Mr Coleman said he strongly supports the e-Safety Commissioner’s ongoing work but tech companies must do more to tackle the issue.

“The Coalition would offer bipartisan support for any sensible measures proposed by the Government to build upon the important work that is underway in this area,” he said.

The Federal Member for Banks said the Coalition backed the eSafety Commissioner’s recommendation to hold a trial of age assurance technology, aimed at protecting children from accessing pornography, and wants to see age verification introduced.

“While this trial would initially be focused on stopping access to pornography, it could also be used to stop children from accessing other dangerous content,” Mr Coleman said.

“The Coalition last year tried to legislate a trial, but the government used its numbers to oppose that, which was extremely disappointing.

“It’s important that we move forward on age verification to protect children, and the Government needs to take action on this issue.”

Shadow Communications Minister David Coleman said digital giants, including filthy-rich social media companies, must be held “much more accountable” for the online distribution of “abhorrent” child sexual exploitation material. Credit: AAP

Meanwhile, reports of online child sexual exploitation to the AFP-led ACCCE have increased by more than 180 per cent since its launch in 2018.

In the 2022-23 financial year, the ACCCE Child Protection Triage Unit received 40,232 reports of child sexual exploitation.

“Some reports can contain many different files and multiple victims,” an AFP spokesperson said.

“Some offenders have been identified as possessing or sharing hundreds, or even thousands, of files of child abuse material by AFP investigators.”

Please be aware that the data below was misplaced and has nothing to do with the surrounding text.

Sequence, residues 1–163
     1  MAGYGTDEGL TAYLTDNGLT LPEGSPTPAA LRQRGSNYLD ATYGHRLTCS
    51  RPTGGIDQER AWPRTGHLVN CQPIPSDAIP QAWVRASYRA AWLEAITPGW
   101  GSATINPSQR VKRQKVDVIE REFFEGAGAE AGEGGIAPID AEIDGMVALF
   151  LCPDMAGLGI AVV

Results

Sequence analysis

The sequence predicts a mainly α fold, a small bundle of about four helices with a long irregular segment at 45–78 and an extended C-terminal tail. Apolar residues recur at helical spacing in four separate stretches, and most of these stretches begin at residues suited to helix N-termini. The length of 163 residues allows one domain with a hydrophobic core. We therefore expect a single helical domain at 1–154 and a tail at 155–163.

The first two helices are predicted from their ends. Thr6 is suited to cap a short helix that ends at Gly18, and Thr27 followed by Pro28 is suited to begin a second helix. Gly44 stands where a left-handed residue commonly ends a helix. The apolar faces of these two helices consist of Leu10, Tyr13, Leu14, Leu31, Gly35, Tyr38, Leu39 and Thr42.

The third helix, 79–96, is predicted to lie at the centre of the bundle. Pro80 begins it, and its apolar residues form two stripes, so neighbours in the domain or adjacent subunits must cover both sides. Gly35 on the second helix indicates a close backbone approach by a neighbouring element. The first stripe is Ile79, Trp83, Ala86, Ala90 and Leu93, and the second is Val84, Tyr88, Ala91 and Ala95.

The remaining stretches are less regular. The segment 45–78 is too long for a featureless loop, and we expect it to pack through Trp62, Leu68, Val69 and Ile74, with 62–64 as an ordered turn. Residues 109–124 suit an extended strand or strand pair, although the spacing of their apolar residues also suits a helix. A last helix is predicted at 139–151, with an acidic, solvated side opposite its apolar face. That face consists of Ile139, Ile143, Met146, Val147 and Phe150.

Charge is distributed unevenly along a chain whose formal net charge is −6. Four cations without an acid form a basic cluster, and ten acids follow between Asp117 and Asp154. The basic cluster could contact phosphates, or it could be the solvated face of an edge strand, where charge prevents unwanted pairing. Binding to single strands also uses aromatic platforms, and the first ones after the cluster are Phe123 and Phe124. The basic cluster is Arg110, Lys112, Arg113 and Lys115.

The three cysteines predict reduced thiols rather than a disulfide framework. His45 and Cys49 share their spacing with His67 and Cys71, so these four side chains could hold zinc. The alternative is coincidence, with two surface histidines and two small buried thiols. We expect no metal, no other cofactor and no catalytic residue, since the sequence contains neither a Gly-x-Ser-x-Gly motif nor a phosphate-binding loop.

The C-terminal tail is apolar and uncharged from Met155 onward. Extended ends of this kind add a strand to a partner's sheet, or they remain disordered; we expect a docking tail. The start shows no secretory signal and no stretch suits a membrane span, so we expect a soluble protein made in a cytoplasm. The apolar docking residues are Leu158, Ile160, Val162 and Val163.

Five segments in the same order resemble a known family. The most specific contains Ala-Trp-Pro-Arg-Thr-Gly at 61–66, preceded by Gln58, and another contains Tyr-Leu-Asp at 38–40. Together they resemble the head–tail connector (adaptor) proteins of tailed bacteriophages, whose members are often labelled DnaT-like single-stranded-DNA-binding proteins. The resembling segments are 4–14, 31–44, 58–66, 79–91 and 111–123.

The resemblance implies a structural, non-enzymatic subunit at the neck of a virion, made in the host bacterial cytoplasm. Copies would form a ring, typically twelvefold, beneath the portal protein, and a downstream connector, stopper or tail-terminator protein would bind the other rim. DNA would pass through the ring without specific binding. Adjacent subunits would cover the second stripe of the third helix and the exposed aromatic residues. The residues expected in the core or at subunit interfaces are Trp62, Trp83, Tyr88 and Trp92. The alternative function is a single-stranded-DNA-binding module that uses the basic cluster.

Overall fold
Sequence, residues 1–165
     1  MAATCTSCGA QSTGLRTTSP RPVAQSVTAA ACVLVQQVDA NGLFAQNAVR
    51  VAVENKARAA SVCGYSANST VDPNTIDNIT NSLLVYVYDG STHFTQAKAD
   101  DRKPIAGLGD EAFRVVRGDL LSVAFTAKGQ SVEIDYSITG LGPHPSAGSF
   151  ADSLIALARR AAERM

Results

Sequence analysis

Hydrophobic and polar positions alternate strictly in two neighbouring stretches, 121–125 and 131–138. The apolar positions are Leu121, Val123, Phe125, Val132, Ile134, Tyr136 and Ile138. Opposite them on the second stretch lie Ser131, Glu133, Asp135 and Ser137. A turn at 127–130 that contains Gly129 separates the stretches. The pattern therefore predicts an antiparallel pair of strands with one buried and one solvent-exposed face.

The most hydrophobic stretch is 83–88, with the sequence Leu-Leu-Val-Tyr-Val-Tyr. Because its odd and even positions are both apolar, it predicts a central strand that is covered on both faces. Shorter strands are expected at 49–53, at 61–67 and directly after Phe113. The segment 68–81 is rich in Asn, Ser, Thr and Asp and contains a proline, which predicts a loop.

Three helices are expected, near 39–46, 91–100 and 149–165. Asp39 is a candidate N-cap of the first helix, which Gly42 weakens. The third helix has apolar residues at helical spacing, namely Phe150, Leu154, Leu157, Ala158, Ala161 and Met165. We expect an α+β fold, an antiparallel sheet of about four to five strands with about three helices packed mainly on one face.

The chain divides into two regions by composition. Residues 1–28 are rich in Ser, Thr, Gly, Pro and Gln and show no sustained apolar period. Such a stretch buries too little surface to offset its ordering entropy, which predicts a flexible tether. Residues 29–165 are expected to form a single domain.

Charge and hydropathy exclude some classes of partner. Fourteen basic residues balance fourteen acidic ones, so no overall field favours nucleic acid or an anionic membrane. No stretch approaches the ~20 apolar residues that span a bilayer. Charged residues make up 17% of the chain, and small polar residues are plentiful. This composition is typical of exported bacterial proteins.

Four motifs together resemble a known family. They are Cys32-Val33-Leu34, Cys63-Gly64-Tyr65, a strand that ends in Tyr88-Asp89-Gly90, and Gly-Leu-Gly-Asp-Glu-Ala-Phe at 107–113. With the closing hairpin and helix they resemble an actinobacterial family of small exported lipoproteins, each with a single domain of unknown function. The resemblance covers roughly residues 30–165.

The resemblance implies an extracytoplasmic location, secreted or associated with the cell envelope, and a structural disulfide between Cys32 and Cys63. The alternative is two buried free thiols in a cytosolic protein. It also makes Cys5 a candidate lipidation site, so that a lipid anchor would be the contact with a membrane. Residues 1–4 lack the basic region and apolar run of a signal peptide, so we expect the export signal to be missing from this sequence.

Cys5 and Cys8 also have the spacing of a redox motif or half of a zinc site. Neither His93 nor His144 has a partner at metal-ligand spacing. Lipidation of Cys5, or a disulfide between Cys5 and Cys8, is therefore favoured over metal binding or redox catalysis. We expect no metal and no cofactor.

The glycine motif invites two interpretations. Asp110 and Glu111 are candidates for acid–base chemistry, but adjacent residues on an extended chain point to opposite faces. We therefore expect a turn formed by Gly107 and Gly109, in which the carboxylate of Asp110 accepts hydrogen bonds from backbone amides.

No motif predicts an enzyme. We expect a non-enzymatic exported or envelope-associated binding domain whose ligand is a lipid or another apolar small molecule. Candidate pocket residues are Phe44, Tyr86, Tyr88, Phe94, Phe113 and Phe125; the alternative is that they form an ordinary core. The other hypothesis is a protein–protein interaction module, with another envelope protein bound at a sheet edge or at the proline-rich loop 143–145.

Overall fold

The majority of reports received by the ACCCE come from the National Center for Missing and Exploited Children in the United States, and relate to content shared with or by a computer using an Australian Internet Protocol (IP) address.

“Reports … cover a range of offenses and include both Australian and international victims and Australian offenders,” an AFP spokesperson said.

“Child abuse material is sadly shared on many platforms and is not a problem unique to any one social media platform or company.”

The AFP said there was no single offender profile.

“Offenders can be any gender, and range in age, background and profession,” the spokesperson said.

“Parents need to be just as aware of the risks to their child’s safety while they are interacting online, as they are when outside the house, playing in a park or in the street.

“While they might think their children are safe because they are under the same roof, the AFP urges parents to be vigilant and ask children about their online use, who they are interacting with and what platforms, apps or games they are using.”

The AFP charged 186 offenders with 925 child exploitation-related offences in the 2022-23 financial year.

This comes after Australia’s e-Safety commissioner Julie Inman Grant last week said the proliferation of online child sexual abuse material was “getting worse with every passing day”.

“Child sexual abuse material is spreading at a pace, scale and volume we have not seen before,” she said.

Report information about child abuse and exploitation to Crime Stoppers 1800 333 000

Report online child sexual abuse material to the eSafety Commissioner https://www.esafety.gov.au/report

If a child is in immediate danger call 000